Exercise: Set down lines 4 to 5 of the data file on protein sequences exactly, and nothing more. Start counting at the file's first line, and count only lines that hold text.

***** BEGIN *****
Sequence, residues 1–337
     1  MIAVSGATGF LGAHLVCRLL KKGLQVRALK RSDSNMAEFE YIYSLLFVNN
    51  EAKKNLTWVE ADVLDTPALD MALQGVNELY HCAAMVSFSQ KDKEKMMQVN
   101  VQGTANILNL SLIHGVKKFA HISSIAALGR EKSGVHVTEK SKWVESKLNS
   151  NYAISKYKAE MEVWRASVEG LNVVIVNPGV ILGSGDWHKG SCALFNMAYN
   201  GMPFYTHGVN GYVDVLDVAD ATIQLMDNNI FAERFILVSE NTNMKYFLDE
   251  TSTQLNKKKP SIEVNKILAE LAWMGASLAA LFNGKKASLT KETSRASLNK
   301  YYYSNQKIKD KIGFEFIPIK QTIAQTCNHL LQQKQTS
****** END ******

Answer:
   101  VQGTANILNL SLIHGVKKFA HISSIAALGR EKSGVHVTEK SKWVESKLNS
   151  NYAISKYKAE MEVWRASVEG LNVVIVNPGV ILGSGDWHKG SCALFNMAYN